I take it this is also
correct. Here is the last bit that I quote from this article:
Many analysts believe
Zuckerberg wants to create a U.S. version of the Chinese service
WeChat, which combines social networking, messaging and payments in a
single app. Libra would take Facebook a step closer to that end.
also checks everything anyone says, and sanctions and punishes
(indirectly but effectively) whoever deviates from the norms imposed by
the Chinese communist party. I do not think it incredible if
Zuckerberg wants something similar, and with him in charge. (Because
¨power corrupts, and absolute power corrupts absolutely¨ - Lord Acton.) And
this is a recommended article.
3. Can Donald Trump Hold Off an Economic
Crash Until the Election?
This article is by Thom Hartmann
on Common Dreams. This is from not far from its beginning, but I think
I have to write a brief introduction first:
Hartmann´s thesis is that Trump faces a similar difficulty as Bush
and Cheney faced in 2007-2008, namely an impending crash of the economy
- which indeed happened, and which may also have given
Obama the majority to win the presidency. (I think he is probably
Having said that:
Yes indeed - and nearly
all of the ¨millions
of unqualified new home buyers¨ lost their homes in 2008-2009, together with many
To further goose the
economy, Bush and Cheney illegally got us into two wars, raising
defense spending from the $290 billion ceiling it had hit during the
1990s to over $595 billion in 2008, pouring literally trillions into
the defense industry.
In particular, the old Ayn
Rand cult member and acolyte Alan Greenspan got into the act by
lowering the Fed funds rate—the basis of U.S. interest rates—from 6.5
percent at the end of 2000 to below 2 percent in 2002. Greenspan kept
the interest rates below 2 percent right up until just after the
election of 2004, when he let them float up slightly. Bush rewarded his
good efforts by reappointing him as Fed chair in 2005, which many
speculate was why he’d jacked up the economy so hard leading up to the
election of 2004, giving Bush a credit-fueled “feel good economy.”
And it was insanely
credit-fueled. Between 2000 and 2006, housing prices in the United
States doubled because the low interest rates, combined with repeated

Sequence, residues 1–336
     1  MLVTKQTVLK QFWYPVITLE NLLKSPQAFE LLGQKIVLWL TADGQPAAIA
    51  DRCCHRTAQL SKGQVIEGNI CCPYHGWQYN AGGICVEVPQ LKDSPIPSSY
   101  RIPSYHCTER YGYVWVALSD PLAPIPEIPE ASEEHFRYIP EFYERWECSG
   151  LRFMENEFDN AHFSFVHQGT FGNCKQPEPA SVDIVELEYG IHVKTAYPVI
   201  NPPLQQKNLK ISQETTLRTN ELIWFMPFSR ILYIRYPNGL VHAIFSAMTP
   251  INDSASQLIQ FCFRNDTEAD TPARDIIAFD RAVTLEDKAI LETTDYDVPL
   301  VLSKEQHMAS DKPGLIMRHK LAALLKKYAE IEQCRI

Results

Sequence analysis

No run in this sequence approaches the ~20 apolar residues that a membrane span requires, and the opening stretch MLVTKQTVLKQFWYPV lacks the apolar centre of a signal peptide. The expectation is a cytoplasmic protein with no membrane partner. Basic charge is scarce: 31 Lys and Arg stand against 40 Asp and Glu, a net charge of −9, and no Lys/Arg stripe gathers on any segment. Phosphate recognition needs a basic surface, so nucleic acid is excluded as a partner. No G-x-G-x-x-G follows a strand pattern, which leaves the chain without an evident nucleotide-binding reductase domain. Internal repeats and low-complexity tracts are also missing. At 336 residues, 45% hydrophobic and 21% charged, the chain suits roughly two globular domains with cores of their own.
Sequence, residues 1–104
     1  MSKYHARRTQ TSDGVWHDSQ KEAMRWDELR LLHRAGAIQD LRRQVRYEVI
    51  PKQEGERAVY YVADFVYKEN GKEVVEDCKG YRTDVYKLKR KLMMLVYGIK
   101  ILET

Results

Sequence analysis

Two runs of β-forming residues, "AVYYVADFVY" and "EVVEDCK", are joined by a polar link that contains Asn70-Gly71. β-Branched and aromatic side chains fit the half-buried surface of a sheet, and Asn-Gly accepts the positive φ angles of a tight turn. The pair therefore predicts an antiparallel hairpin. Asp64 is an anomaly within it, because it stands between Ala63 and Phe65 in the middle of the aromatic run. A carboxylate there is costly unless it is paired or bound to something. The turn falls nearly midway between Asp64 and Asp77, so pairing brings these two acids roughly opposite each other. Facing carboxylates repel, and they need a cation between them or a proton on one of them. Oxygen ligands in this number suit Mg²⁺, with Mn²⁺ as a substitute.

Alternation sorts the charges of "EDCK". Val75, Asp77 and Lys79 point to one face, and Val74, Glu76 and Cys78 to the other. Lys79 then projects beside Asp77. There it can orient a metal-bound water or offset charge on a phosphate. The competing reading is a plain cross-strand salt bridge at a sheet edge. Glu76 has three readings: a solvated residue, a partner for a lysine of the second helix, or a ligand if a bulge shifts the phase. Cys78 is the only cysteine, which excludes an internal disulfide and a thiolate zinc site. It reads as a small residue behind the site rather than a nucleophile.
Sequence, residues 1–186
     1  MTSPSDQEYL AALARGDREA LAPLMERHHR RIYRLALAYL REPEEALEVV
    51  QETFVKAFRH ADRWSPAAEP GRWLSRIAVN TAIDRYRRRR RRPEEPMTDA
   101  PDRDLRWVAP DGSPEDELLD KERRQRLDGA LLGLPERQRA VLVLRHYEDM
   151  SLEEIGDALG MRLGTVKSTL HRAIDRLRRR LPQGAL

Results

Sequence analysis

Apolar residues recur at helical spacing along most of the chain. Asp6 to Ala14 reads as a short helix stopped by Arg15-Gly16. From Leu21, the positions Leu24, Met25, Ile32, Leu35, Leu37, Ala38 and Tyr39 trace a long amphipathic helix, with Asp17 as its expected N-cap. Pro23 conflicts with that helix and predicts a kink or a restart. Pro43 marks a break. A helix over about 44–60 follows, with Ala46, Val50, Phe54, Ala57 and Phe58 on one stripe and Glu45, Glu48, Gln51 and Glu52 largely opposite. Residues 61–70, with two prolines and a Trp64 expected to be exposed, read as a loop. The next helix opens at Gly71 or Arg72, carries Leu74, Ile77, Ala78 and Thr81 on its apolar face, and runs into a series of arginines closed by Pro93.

Republican deregulation of the banking and security sectors, allowed
millions of unqualified new home buyers into the marketplace, driving
demand toward the sky.
Here is some more on the present economy:
Yes, I think that is
correct, and this is part of the reason why I have been writing the
Crisis series for 11 years now,
which is combined with my personal poverty as well: I am one of the
poorest Dutchmen there is (being ill for over 40 years, in spite of
a truly excellent M.A., which disease also was denied to exist
for 39 1/2 years, because I have ME/CFS)
and almost nothing changed since 2008 for me, and indeed
for everyone else who is very poor.
Trump, Steven Mnuchin, and
Jerome Powell have virtually cloned the process, from tax cuts to
defense spending to low interest rates, and the inevitable result is
increasingly obvious to financial publication opinion writers. Op-eds
in staid publications like the Financial Times and the Economist are,
with growing frequency, somewhere between, “The sky is about to fall!”
and, “There’s a meteor coming the size that wiped out the dinosaurs!”
And with good reason.
Anyway, here is some more:
Yes. I completely agree.
Here is more on the American economy:
In fact, though, demand
is what drives economies. And, while rich people might buy a few yachts
and fancy mansions, it’s the purchasing power of the bottom 99 percent
that is known by economists as “aggregate demand” and actually moves
economic system we’ve been living under continuously since 1981—has
wiped out the purchasing power of the bottom 99 percent. In the same
time that the rich have gotten $21 trillion richer, the bottom 50
percent of Americans have lost—vanished, gone forever, lost—over
Cheap credit is the only
thing that’s keeping most Americans buying anything beyond groceries
and medicine, and both of those are exploding in price because of
climate change, monopoly, and fraud.
Yes, I think I agree, in fact
mostly because of my experiences and knowledge of the crisis of 2008.
All of our
national economy’s growth has been on borrowed money for all